I remember it vividly as if it were just yesterday. My family and I were sound asleep in our house in Sunland, California, when it shook the house strongly and then stopped. Since we were built on a bedrock ridge, the vibration was short and not very damaging. Just a few items fell off the walls and shelves, and some large mirrors leaning against the bedroom walls fell over. In the total darkness with no glasses on, I fumbled across our waterbed to the bed of my (then) 2-year-old son, which was covered with large shards of glass from a mirror that had toppled right over him. I grabbed him and dragged him to our bed, and luckily no one was cut. Once the aftershocks were over, we found flashlights and candles, and did what we could to assess damage and pick up the broken glass. My son, however, would not settle down and go back to sleep, and insisted on seeing his Sesame Street videos to comfort himself–but we didn’t get power restored for many hours. Eventually, we all fell asleep again, and awoke at dawn when we could walk around and see the damage better. Thanks to being on a bedrock ridge, the damage was very minimal, except for the broken glass mirrors. No signs of gas leaks, no cracks in our chimney or house or foundation, nothing that would be a problem. Nevertheless, all we could do was sit tight and wait for power to be restored, and avoid going out on the road that day. We got what info we could from our battery-powered radio, then when power and TV came on, we saw what had happened elsewhere.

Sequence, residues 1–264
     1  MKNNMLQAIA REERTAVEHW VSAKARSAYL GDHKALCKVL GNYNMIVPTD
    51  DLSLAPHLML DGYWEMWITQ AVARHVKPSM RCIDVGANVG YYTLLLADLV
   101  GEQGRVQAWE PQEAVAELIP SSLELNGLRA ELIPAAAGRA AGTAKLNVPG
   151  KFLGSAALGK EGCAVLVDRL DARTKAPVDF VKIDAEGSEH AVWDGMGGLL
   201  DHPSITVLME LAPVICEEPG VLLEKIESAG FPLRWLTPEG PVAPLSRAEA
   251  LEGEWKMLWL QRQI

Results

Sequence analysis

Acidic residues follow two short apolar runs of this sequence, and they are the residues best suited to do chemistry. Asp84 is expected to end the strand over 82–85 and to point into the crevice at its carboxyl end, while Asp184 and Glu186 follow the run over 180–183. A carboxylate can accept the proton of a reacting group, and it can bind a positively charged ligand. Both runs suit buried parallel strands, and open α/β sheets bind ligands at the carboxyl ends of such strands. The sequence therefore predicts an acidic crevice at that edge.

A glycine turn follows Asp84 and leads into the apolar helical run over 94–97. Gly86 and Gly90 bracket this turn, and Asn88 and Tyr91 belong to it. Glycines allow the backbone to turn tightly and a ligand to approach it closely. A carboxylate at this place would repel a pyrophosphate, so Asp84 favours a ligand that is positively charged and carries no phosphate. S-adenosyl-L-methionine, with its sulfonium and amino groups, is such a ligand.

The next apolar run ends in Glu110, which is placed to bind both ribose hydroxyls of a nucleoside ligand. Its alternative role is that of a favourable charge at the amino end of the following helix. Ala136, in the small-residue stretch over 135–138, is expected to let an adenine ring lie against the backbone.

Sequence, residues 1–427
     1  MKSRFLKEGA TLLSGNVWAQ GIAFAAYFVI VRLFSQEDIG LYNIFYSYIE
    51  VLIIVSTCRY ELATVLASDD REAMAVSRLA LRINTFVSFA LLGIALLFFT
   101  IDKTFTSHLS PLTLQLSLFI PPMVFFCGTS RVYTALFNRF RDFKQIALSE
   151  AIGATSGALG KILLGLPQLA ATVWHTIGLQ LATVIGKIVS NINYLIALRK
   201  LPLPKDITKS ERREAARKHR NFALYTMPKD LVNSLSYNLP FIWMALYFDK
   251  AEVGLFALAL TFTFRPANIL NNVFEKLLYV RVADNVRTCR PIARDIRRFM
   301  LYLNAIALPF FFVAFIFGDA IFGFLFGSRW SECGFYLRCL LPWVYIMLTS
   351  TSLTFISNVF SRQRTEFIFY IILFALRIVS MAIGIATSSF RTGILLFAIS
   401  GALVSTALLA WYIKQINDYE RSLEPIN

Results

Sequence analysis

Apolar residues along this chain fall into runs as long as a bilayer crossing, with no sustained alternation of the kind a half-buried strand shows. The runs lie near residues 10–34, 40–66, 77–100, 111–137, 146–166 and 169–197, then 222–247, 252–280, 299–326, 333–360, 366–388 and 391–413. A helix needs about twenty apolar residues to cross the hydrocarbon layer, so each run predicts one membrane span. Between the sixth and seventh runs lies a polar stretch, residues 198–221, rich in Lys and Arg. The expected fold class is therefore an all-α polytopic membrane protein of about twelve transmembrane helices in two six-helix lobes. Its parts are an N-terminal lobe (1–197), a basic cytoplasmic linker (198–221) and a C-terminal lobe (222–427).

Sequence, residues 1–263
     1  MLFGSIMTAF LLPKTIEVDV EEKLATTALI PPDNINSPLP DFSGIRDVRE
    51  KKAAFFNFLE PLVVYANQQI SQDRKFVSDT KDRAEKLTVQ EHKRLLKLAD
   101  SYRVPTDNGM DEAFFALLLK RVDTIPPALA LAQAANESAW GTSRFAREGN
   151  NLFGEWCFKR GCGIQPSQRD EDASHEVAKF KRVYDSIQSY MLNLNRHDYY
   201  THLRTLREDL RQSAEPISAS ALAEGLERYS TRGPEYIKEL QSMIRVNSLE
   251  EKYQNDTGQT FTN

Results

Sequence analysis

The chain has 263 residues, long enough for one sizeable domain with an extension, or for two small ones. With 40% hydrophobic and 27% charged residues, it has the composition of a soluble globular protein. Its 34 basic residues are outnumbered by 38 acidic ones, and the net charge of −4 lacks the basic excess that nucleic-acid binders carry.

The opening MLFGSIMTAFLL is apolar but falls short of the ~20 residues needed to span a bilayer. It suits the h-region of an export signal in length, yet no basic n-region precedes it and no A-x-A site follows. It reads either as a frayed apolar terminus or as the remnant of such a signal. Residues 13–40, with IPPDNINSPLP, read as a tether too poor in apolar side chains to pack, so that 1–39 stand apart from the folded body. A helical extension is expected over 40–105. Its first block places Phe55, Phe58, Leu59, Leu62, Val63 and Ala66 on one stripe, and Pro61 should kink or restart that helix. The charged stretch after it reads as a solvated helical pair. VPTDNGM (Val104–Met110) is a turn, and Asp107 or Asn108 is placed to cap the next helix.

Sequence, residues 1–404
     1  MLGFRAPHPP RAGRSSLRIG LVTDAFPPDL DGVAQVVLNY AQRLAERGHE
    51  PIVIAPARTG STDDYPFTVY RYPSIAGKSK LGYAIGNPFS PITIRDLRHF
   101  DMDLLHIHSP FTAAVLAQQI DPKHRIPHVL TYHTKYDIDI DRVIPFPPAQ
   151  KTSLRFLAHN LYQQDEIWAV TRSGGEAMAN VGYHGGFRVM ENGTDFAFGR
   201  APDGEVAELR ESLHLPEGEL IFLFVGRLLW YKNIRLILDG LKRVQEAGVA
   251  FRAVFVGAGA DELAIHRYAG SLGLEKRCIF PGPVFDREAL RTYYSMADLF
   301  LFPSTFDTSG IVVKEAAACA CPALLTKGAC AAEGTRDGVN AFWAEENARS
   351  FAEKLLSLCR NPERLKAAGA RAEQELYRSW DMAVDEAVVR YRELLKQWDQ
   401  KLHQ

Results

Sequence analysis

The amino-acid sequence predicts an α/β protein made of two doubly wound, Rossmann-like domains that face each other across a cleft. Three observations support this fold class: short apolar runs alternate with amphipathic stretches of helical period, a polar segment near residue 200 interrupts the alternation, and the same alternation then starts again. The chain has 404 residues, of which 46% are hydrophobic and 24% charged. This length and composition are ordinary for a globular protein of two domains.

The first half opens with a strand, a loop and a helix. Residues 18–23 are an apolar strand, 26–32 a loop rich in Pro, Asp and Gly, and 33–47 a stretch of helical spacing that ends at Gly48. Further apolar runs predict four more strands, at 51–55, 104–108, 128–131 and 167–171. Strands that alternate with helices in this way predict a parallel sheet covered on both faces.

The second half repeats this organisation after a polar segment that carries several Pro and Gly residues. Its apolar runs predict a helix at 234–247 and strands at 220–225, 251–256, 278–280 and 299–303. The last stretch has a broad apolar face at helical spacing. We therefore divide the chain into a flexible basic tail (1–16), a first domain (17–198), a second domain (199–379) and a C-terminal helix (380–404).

The worst damage was in the western San Fernando Valley near the epicenter, where a number of buildings had collapsed (particularly those with underground parking structures beneath heavy construction). A lot of chimneys fell, and a few concrete walls that had no steel rebar reinforcement, but nowhere near as many as you’d expect, since all masonry structures in California must be reinforced by steel rebar through them (ever since the 1933 Long Beach quake changed the state building codes). The loss of life is estimated between 60-70, depending on what you count as earthquake-related deaths. A high ramp at the Interstate 5-Hwy. 14 interchange fell (just as it had done during the 1971 quake), and a California Highway Patrol motorcycle officer Clarence Wayne Dean went flying off the broken end in the darkness to his death, unable to see that it was gone. (That interchange was rebuilt again, and is now named after Officer Dean). Total property damage was around $20 billion, one of the costliest earthquakes in American history, and almost as costly as Hurricanes Katrina and Sandy.